The Secret Scripture not flawed says judge

Writer Lisa Jewell has written quite a passionate piece in The Telegraph in defence of claims that Sebastian Barry's Costa winning novel, The Secret Scripture, was 'flawed' and, in any case, what isn't flawed? That reminds me, yesterday afternoon I was mooching around Highgate and entered a bookshop where the woman who worked in there and a male friend of hers whom she obviously wasn't that close to, and in any case hadn't seen in ages, had popped in with his dog and were chit-chatting politely but with that slight undercurrent of strain. The shop was so quiet that I couldn't help but overhear their entire conversation. After him trying to chat her up, then her tell him that she was already seeing someone now after getting rid of her last feckless boyfriend, and then him quickly backtracking, then her trying to make him feel better for having asked in the first place, and them him resenting her trying to make him feel better for having asked, they quickly too cue from their surroundings and moved onto books! He told her he was writing one. He had, so far, 'done forty pages' which had helped him quie a lot since he was made bankrupt and gave up his 'coking' habit and didn't go out very much now at all anyway, except to see a friend up in Norfolk once a week who had been 'very supportive' and of course, to take his dog out. 'Brilliant...' she replied, her arms crossed. 'Yeah... my agent thinks so...' 'You've got an agent?' woman asks. 'Yeah, she's thinks it's really good...' 'Great...' 'Yeah, it's like an autobiographical novel...' 'Great...' 'Yeah. Did you see what won that prize last night?' 'Oh yeah right, the Whitbreads?' 'The... the what? No, no...' 'Yeah, the Whitbread you mean? Or the other one?' 'Not Whitbread.... COSTA! That's it! Yeah well, the book that won it, Irish. Again.' 'Oh right, what's it about?' 'Some story set in Ireland. Again.' 'Oh right...' 'Yeah... the Irish! Should have gone to the poem.... some poem about... some uprising...' 'Yeah but it's probably just as well it didn't, some of those poems are so obscure... we're lucky if we sell one copy!'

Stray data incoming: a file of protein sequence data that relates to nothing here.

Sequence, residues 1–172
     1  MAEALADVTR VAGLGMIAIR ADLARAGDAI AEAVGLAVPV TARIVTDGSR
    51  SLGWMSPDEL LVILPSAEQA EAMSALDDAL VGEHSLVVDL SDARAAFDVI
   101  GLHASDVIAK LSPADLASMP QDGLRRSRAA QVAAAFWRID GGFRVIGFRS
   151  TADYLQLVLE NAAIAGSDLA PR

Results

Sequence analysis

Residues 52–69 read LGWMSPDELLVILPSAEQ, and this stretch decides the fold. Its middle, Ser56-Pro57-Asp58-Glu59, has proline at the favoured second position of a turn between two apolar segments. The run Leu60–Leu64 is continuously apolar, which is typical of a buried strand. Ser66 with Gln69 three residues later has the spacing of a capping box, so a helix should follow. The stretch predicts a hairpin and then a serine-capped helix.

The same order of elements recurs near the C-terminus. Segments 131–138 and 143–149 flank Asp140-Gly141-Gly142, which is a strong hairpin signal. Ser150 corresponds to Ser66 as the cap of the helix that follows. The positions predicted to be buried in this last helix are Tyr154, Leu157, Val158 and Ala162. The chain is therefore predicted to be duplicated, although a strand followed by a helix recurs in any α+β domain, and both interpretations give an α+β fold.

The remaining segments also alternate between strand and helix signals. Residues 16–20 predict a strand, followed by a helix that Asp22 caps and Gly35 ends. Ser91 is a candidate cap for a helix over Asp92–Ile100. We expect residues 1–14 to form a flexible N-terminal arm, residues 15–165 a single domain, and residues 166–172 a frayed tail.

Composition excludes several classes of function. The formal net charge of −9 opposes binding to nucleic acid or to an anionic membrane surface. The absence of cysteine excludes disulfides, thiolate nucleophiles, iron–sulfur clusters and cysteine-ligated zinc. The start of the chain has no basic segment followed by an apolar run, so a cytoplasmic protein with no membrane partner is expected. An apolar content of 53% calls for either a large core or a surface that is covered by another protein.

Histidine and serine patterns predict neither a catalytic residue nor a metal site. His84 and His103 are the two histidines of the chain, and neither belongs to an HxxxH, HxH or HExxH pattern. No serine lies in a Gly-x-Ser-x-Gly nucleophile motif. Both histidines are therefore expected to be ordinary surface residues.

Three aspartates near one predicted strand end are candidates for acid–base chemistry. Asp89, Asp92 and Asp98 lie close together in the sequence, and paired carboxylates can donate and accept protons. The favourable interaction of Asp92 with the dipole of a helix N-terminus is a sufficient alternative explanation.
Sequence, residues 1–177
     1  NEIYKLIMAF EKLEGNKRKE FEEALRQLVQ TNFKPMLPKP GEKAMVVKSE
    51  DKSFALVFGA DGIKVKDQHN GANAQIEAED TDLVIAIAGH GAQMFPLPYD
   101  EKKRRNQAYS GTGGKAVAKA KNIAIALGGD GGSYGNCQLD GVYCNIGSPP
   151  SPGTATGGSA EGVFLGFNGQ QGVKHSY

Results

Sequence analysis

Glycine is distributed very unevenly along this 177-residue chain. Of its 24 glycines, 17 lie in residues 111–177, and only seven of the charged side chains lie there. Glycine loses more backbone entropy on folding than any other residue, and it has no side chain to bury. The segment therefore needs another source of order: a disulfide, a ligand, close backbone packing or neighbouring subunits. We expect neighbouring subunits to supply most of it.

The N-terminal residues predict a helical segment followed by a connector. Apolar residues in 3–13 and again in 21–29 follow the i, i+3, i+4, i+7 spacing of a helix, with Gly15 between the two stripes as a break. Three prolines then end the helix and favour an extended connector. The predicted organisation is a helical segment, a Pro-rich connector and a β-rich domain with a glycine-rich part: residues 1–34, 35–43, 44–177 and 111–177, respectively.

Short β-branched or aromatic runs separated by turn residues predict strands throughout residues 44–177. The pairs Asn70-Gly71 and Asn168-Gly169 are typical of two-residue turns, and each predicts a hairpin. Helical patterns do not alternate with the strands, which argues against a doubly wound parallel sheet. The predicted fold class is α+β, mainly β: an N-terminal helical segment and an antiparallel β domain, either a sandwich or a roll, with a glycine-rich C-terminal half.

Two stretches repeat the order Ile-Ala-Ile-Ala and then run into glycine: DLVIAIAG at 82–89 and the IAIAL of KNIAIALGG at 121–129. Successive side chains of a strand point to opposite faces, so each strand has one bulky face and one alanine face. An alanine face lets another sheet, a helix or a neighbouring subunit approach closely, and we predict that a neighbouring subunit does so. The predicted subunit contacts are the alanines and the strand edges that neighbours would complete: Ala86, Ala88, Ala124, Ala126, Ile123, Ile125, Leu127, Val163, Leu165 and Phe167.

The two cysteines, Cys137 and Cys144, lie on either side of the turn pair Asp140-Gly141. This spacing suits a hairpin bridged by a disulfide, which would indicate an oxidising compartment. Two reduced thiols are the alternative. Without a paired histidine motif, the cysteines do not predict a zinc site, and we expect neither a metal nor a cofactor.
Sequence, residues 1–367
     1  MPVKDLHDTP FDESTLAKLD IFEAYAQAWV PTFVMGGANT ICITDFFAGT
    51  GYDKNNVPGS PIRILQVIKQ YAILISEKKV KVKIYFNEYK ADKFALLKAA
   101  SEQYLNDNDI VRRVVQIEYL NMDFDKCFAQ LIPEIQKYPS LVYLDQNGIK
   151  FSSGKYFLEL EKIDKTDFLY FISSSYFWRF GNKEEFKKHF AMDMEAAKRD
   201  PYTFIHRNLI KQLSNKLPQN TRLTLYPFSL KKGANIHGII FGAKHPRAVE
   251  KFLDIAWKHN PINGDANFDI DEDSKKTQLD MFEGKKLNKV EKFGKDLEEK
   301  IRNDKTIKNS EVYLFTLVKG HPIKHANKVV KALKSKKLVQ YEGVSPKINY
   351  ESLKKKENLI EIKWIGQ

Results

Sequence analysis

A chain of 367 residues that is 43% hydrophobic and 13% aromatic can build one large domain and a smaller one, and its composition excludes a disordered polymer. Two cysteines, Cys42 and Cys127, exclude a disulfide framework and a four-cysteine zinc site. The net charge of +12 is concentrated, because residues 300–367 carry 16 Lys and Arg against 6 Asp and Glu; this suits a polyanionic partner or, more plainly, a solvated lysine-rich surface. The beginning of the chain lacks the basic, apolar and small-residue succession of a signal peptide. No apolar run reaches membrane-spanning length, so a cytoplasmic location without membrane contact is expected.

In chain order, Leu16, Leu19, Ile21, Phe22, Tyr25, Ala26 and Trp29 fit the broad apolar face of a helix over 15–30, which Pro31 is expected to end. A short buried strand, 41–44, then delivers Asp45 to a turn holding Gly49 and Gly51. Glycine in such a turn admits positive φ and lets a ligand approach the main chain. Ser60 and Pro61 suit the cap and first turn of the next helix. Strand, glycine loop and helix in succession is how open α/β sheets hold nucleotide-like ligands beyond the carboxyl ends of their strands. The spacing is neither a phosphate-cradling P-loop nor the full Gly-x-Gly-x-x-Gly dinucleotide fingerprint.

And so on. I didn't buy a book but I did want to shout 'you mean The Secret Scripture - yes. Irish. Again'. Anyway... I hope he gets more done than forty pages and that if his eventual book ever does well then he is better at talking about books with interviewers than he is with bookshop workers who are also not-seen-in-ages-friends. I did buy a book today though. On Amazon. The Outlander, by Gil Adamson. I have to say the feeling I gleaned from the overview reminded me of the novella I wrote last year - 'Tired Waves...' but mine was quite spare and without the dramatic plot that The Outlander seems to have. I bought the hardback simply on the review that appeared in Waterstone's magazine. I know they're not 'proper' reviews in there, as they are all overwhelmingly positive in order to get people simply to buy. Well it worked. Again. But it seems I cannot resist any story about a person running away to the wilderness! Read more here.

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